Sunday

22nd May 2022

ECB chief hints at more robust action

  • Draghi: The ECB is looking for a 'fiscal compact' (Photo: European Parliament)

European Central Bank president Mario Draghi offered hints on Thursday that the Frankfurt institution is ready to expand its efforts to staunch the eurozone crisis, but only if eurozone economies commit to deeper integration rapidly under what he called a “fiscal compact”.

Parsing the wording of central bankers is never an exact science and indeed the newly minted central bank chief in his first speech to the European Parliament was far from explicit.

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"It is first and foremost important to get a commonly shared fiscal compact right," he said to a chamber nearly empty of MEPs despite the gravity of the situation.

"I think the next few days will be very important to tell us whether we make progress on this."

The European Commission last week unveiled proposals that would radically centralise fiscal-policy-making, giving the EU executive the right to in effect direct national budget-making before the documents have been presented to national parliaments.

Draghi appeared to endorse this strategy, suggesting that once such a fiscal union was in place, “other elements” could occur, wording that could be taken to mean the ECB is now opening the door slightly to a more robust purchase of Spanish and Italian government bonds.

Until now, the ECB and Germany have firmly resisted now EU-wide and even global pressure to open the taps and become the lender of last resort to the currency area.

Such a fiscal compact is “the most important element to start restoring credibility” he added.

“Other elements might follow, but the sequencing matters,” he said, hinting that a pact for fiscal union must come first. European leaders are expected to consider the commission’s plans at a crunch Brussels summit on 9 December.

Olli Rehn, the EU’s economy chief, has said that the eurozone has just days to save the euro, billing this summit as the make-or-break meeting for the single currency area and perhaps the Union itself.

Draghi also said that the bank did not want to see inflation “undershoot” the ECB’s target of below but close to two percent.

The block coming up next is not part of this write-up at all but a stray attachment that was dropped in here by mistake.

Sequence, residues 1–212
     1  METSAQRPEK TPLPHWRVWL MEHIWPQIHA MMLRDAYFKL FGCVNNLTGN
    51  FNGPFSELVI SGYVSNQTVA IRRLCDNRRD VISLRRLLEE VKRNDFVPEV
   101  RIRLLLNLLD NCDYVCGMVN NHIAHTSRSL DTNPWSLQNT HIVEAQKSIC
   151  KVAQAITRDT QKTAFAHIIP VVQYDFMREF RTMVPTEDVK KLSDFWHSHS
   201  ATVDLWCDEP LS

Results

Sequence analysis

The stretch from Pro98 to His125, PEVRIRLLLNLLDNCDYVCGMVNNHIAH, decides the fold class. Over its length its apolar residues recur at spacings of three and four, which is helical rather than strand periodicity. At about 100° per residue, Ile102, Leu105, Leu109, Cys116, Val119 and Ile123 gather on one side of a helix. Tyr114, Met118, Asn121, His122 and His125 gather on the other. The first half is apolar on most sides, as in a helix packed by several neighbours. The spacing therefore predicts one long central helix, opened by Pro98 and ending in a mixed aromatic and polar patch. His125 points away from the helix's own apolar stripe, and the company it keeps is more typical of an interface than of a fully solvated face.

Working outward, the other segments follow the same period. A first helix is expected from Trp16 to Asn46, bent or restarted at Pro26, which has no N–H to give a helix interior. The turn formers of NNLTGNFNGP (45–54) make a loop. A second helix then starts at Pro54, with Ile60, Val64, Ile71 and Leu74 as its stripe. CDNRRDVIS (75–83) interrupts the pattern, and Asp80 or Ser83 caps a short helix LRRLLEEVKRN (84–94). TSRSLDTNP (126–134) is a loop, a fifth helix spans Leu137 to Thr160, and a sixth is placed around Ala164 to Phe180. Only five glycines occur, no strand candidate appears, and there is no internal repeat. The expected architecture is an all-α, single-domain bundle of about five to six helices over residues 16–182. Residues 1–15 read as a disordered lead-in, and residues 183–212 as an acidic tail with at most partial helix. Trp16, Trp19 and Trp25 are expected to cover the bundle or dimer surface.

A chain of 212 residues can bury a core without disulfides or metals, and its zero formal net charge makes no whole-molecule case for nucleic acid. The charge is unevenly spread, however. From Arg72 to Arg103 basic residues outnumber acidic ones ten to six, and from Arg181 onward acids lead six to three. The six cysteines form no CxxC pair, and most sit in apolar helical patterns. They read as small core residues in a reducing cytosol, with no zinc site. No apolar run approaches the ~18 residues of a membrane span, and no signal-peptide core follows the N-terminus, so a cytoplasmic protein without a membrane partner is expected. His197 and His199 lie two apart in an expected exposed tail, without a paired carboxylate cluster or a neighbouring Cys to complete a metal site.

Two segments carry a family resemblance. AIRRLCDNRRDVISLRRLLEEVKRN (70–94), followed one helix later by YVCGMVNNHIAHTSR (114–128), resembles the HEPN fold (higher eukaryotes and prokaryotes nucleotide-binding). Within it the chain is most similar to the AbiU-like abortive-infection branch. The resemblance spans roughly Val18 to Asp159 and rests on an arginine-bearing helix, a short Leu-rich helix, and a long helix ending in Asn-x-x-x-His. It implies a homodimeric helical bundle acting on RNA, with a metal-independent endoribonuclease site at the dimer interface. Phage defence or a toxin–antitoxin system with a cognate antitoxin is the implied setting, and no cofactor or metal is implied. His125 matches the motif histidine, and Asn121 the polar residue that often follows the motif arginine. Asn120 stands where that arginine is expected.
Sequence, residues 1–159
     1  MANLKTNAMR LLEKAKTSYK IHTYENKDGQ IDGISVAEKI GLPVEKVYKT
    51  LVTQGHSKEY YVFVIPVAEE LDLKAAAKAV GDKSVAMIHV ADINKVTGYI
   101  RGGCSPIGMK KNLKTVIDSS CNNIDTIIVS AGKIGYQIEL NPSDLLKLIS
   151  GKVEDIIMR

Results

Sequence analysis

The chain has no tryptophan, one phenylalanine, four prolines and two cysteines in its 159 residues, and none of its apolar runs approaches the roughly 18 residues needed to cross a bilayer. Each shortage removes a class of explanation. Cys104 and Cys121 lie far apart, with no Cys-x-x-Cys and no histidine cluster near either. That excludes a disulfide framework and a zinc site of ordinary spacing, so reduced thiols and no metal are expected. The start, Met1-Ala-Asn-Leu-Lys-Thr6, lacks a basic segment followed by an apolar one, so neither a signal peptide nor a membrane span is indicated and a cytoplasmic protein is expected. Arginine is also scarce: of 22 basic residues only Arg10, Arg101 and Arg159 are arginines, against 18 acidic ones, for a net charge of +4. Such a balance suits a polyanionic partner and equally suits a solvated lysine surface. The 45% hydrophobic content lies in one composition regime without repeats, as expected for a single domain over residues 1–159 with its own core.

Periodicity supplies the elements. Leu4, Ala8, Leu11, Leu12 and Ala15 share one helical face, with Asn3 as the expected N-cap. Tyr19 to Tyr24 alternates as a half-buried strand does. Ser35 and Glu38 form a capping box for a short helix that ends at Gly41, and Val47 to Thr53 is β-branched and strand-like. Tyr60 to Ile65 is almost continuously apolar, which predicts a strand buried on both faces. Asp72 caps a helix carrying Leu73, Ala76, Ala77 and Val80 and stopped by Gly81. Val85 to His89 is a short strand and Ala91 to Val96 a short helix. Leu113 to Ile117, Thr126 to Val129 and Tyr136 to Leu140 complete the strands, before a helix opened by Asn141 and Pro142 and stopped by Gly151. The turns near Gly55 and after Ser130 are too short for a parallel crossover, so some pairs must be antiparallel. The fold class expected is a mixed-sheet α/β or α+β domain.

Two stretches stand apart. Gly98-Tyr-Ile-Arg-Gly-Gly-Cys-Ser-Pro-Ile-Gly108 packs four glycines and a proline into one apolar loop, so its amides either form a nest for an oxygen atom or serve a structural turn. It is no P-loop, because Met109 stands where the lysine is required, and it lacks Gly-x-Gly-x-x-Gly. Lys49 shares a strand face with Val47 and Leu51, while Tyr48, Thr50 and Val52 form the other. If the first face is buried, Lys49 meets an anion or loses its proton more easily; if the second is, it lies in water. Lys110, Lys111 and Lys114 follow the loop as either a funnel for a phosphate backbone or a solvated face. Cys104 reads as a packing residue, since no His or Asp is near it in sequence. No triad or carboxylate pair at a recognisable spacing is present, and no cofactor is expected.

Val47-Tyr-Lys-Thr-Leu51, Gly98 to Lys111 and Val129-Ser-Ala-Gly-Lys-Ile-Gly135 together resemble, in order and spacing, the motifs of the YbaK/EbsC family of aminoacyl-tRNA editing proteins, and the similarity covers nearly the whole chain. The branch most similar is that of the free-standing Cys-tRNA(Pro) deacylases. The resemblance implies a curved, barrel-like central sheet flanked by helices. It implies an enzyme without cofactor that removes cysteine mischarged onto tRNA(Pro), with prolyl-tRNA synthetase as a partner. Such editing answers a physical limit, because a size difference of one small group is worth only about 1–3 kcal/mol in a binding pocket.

The wording is being read by markets as telegraphing a rate cut, perhaps to one percent, down from the current 1.25 percent.

He conceded that Europe had entered a credit crunch. The situation was the most important issue to resolve, he said.

"We have observed serious credit tightening in the most recent period, which combined with the weakening of the business cycle, doesn't bode at all well for the months to come."

"In our view now the most important thing for the ECB to do is to repair the credit channel," he said.

ECB will not become bank of last resort, Draghi says

In his first appearance as head of the ECB, Mario Draghi has said the Frankfurt-based bank will not become the lender of last resort for the eurozone. The bank lowered its interest rate by 25 basis points to 1.25 percent.

ECB returns to markets to help Italy and Spain

The European Central Bank has decided buy bonds from troubled eurozone countries after a five-month pause in a bid to stem the crisis from spilling to Italy and Spain.

Euro is 'irreversible' and 'permanent', says ECB chief

The euro is "irreversible" and will overcome the crisis, European Central Bank chief Mario Draghi said Monday, while making the case for austerity and fiscal discipline. But he also warned of prolonged recession due to a credit crunch in 2012.

Agenda

This WEEK in the European Union

With lending between banks freezing up, contagion spreading to Germany, and EU economy chief Rehn fretting the euro has days to prevent collapse - the coming week is the mother of all crunch weeks for the European Union.

Banks queue up for cheap ECB loans

Over 500 European banks rushed to borrow almost half a trillion euro in cheap loans from the ECB on Wednesday, highlighting the credit squeeze on the market. The cash injection only marginally increased investor confidence, however.

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EU leaders unveiled a €210bn strategy aiming to cut Russian gas out of the European energy equation before 2027 and by two-thirds before the end of the year — but questions remain on how it is to be financed.

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